On an otherwise quiet Patch Tuesday in June, Microsoft issued its single largest patch to a program ever. The update addresses 59 security issues in various versions of its flagship browser, Internet Explorer.
But the other 57 were previously unknown flaws in IE versions 6-11. The flaws could allow for remote code execution, and they are rated important or critical.
In addition to the IE bugs, Microsoft also put out patches for the Microsoft Graphics Component, which is used in Office and Windows.
Browser versions matter
While everything from Internet Explorer 6 on was updated, the general rule is that the more recent the version of a browser, the safer your users will be.
Internet Explorer 11, the most recent version, barely edges out its predecessors IE 9 and IE 8 in the latest figures on browser shares.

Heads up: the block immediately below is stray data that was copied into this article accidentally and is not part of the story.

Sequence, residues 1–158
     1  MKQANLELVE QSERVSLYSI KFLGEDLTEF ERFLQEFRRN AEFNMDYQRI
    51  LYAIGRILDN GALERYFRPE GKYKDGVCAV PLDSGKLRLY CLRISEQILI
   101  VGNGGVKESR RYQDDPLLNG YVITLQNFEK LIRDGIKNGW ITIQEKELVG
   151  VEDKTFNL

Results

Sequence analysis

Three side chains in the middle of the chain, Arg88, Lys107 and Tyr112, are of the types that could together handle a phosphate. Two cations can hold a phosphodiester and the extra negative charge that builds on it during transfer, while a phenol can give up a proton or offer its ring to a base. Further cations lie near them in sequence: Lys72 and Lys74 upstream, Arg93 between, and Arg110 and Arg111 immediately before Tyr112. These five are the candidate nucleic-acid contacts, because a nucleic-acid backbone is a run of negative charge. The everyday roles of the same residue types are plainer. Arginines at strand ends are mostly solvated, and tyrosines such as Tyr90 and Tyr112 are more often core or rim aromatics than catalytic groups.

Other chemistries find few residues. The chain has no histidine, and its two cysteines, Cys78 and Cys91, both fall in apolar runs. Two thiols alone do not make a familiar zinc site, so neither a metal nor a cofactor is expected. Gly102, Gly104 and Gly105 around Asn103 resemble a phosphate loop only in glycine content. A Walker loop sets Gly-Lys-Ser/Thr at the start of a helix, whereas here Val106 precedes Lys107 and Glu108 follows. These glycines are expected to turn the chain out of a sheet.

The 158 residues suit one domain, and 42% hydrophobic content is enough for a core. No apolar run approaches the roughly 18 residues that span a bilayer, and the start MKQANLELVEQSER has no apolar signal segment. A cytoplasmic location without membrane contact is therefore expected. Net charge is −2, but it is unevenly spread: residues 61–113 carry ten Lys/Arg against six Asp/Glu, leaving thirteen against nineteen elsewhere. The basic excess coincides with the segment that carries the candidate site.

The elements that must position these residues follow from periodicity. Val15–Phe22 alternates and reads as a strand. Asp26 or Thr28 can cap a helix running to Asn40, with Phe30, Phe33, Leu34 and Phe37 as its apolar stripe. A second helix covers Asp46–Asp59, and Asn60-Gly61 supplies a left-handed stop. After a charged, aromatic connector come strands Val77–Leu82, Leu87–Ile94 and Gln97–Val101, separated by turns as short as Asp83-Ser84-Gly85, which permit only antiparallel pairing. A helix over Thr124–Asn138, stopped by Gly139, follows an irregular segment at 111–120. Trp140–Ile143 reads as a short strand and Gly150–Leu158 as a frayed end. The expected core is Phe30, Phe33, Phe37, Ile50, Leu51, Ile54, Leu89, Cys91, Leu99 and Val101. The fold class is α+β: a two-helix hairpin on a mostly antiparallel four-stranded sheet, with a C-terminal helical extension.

It’s much the same problem Microsoft faces in getting users to its newest versions of Windows. Familiarity with the browser and a tendency to ignore update prompts keep most users running old versions.
Now might be a good time to have users get out of their comfort zone and update anyway – especially considering the IE 8 flaw went unpatched for so long.
While older versions may still receive security updates, Microsoft doesn’t have as much incentive to protect them.
And hackers will know that users on older systems are also the ones less likely to have good security practices in mind.